In total, the Fiscal Year 2018 Budget represents a year over year increase of 6.4% in total non-debt related expenditures, completely contradicting claims of fiscal responsibility by the Rosselló government.

The Rosselló administration is refusing to respect payment priorities as required by PROMESA. Instead of using PROMESA as a political shield to enact reform – as Congress expressly intended

Rosselló is in fact using PROMESA as a shield against financial creditors, enabling him to pay off favored political constituencies in a violation of PROMESA.

States pay their debts. Governor Rosselló is asking Congress to grant statehood to Puerto Rico despite his refusal to honor Puerto Rico’s own constitution or lawful commitments to millions of American citizens in Puerto Rico and the mainland who own constitutionally protected bonds as part of a retirement fund.

For its part the Federal Board has “actively obstructed a consensual agreement between the Commonwealth and its creditors, and has pressured the Commonwealth to present a misleading picture of its financial situation,” he said.

The senior advisor blasted the Oversight Board for:

Insisting on projecting a decrease in the Commonwealth’s revenues and a contraction in the island’s GNP, in spite of contradictory information. Puerto Rico’s revenues are up, powered by robust consumer consumption. Both tax collections and nominal GNP are at all-time highs.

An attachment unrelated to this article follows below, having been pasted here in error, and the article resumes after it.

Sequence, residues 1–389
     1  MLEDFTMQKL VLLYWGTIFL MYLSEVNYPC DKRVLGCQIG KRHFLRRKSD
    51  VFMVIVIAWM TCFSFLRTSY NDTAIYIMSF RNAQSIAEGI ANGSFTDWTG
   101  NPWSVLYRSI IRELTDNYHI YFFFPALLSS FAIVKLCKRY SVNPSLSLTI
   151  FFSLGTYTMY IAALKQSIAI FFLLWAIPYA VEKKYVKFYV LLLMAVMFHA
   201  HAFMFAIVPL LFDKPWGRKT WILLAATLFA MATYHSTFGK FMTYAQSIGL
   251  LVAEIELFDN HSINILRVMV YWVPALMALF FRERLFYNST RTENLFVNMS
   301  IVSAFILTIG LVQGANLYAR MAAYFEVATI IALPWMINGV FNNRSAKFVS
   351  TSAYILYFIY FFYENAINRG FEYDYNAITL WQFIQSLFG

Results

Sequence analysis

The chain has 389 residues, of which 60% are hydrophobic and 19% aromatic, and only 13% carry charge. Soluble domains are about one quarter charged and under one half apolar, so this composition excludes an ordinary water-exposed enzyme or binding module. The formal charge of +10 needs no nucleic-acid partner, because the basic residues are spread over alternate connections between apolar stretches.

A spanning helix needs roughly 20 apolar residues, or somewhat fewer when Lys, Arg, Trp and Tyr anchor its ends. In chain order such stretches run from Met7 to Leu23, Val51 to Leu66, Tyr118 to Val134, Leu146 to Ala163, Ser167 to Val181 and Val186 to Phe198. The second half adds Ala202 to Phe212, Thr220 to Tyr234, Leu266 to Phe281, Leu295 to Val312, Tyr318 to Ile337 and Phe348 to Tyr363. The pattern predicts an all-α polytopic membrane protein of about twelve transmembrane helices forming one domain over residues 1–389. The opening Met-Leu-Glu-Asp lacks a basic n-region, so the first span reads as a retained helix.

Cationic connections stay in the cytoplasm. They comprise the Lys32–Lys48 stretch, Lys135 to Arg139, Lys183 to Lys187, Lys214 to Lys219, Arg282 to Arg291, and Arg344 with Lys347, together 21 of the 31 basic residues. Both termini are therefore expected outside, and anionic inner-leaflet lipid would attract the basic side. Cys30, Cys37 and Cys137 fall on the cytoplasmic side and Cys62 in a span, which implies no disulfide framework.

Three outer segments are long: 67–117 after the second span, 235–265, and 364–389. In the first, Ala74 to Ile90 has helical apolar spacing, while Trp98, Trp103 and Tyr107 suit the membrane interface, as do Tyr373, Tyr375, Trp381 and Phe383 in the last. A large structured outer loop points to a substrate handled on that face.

Using the misleading projections to argue that the island has the capacity for only $400 million in debt service in the coming year. In fact, before pension payments, the Commonwealth is running a primary surplus of $3 billion for Fiscal Year 2018. It also has $1 billion less in accounts payable – spread over multiple years – than had previously been forecast by the Fiscal Plan.

Documents obtained by the Center for Investigative Journalism show the Commonwealth’s Treasury Single Account (TSA) with much more cash than previously disclosed by either Governor Rosselló or the Oversight Board. As of June 30 (the last day of the current Fiscal Year), the Commonwealth is expected to have a cash position of $1.15 billion, compared to$291 million as forecast in the Fiscal Plan just three months ago. This increases the amount payable for debt service. The Board and the Commonwealth refuse to correct the Fiscal Plan with this information.